POET: Karen Finnyfrock
PIECE: Newer Colossus
Population, Urbanization, and Environment
Karen Finneyfrock’s reworks the sonnet “The New Coloussus” through a critical gaze of United States immigration as told by the statue of liberty.
“I am the new Colossus, wonder of the modern world,
a woman standing watch at the gate of power.”
The Statue of Liberty serves as a conflicted voice of the United States, struggling to embrace the promise of refuge with the realities of capitalism. This iconic symbol, once optimistic about immigrants contribution to her nation, finds her inscribed words to be untrue. In the face of globalization, she observes the United States to be more unwelcoming to immigrants, despite their conditions and the promise of their acceptance.
My feet have been wilting in this salt-encrusted cement
since the French sent me over on a steamer in pieces.
I am the new Colossus, wonder of the modern world,
a woman standing watch at the gate of power.
The first night I stood here, looking out over the Atlantic
like a marooned sailor. Plaster fell from my lips parting
and I said, “Give me your tired, your poor,” like a woman
would say it, full of trembling mercy, while rats ran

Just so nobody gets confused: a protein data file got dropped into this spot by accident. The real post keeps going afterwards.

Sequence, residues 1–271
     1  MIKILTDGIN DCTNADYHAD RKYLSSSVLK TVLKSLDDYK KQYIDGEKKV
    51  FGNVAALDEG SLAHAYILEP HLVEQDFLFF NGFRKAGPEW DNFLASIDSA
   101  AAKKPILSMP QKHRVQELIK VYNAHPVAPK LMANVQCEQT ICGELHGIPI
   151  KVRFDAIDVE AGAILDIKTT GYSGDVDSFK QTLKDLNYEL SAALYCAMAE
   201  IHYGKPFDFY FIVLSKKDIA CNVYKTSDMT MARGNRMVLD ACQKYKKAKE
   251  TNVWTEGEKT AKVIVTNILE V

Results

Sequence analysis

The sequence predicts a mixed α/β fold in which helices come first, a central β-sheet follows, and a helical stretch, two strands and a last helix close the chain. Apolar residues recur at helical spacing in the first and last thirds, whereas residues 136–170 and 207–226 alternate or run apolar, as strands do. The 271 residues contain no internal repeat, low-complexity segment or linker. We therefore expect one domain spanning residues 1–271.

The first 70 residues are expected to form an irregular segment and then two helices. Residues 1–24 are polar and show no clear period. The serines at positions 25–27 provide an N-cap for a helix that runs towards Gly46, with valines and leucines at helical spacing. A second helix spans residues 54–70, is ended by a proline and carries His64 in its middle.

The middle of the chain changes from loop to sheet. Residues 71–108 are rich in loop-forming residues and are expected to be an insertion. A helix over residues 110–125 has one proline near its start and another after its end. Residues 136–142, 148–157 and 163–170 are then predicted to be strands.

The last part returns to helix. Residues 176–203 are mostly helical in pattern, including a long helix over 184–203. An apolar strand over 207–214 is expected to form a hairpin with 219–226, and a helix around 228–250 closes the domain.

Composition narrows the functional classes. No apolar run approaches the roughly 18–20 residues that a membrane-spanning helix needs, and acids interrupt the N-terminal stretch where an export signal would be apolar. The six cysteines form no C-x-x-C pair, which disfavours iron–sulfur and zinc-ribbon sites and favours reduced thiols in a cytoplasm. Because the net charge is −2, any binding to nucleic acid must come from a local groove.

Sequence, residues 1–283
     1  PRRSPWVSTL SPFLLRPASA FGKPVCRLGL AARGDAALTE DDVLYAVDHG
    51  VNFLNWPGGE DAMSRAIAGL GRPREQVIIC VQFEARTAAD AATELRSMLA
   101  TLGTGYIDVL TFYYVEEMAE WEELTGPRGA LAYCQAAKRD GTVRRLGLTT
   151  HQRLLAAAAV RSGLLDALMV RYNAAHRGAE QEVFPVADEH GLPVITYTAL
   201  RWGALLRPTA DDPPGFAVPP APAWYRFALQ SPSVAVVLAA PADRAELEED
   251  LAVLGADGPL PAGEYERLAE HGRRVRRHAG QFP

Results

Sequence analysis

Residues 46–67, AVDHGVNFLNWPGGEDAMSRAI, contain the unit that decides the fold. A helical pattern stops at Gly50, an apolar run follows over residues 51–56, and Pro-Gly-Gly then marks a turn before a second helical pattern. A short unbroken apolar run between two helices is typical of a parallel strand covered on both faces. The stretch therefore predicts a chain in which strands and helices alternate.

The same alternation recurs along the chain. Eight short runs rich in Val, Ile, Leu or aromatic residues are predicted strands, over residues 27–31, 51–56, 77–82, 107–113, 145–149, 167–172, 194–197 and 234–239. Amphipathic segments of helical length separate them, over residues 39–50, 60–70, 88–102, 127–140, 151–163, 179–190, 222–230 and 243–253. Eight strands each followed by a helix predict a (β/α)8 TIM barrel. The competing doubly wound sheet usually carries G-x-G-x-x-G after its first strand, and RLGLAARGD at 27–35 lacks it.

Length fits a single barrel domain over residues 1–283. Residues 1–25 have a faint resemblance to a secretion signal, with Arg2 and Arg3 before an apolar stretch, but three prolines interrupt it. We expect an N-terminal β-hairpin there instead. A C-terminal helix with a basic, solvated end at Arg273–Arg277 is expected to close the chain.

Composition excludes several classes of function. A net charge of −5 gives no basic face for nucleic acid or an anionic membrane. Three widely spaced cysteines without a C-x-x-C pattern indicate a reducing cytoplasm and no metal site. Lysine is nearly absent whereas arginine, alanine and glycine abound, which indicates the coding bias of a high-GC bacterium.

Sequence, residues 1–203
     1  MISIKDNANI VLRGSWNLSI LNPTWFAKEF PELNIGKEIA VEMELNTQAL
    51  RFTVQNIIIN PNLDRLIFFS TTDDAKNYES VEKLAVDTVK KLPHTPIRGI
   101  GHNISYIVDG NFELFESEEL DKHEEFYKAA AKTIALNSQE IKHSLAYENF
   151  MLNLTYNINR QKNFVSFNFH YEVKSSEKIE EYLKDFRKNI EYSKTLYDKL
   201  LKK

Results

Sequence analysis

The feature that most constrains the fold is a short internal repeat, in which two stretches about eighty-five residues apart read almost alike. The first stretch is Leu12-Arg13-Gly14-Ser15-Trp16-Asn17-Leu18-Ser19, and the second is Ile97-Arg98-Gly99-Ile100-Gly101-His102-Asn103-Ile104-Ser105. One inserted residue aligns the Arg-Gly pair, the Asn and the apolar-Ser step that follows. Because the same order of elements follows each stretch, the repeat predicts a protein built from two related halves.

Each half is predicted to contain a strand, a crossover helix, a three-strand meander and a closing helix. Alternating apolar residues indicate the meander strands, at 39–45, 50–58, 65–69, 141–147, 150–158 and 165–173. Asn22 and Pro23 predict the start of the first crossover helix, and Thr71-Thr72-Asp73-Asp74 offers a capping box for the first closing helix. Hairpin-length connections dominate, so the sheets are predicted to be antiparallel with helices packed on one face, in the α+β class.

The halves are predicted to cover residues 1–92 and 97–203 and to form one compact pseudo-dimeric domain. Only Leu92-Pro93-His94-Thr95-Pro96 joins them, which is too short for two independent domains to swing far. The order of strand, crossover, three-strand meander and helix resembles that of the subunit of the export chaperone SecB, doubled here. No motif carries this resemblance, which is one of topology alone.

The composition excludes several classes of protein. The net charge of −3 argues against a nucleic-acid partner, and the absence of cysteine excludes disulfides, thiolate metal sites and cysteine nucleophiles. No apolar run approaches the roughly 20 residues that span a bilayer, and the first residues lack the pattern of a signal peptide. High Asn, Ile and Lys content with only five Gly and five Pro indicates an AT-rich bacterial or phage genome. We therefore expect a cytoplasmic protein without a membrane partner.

over my sandals and up my stairwell. I was young then
I didn’t know how Europe and Asia, eventually the Middle
East, would keep pushing their wretched through the bay like
a high tide. I am choking on the words I said about
the huddled masses, they huddle on rafts leaving Cuba and we
turn them back. They huddle in sweltering truck backs crossing
the desert and we arrest them. I heard about a container
ship where three Chinese hopefuls died from lack of oxygen,
pretending to be dishrags for our dollar stores. How can we not
have room for them? We still have room for golf courses.
We still put swimming pools in our backyards
and drive around with our back seats empty.
I am America’s first liar, forget about George Washington.
My hypocrisy makes me want to plant my dead face in the
waves. The ocean reeks of fish and tourism, my optimist
heart corrodes in the salt wind.
“Give me your merchandise,” I should say.
“Give me your coffee beans. Give me your bananas and
avocados, give me your rice. We turn our farmland into strip
malls, give me things to sell at our strip malls. Give me your
ethnic cuisine, your cheaply made plastics, give me, by
trembling boatload, your Japanese cars. Give me your oil.
Not so I can light my lamp with it, but to drool it
from the thirsty lips of my lawn mowers. Give me your
jealousy, your yearning to crawl inside my hollow bones
and sleep in my skin made of copper.”
over there is New York. Doesn’t it glow like the cherry
end of a cigarette? Like a nebula from the blackness
of space out here in the harbor? Wait with me. Watch it
pulse like a hungry lion until morning. I should tell you to
enjoy it from here. You will never be allowed to come in.
Follow-up Sociology questions:
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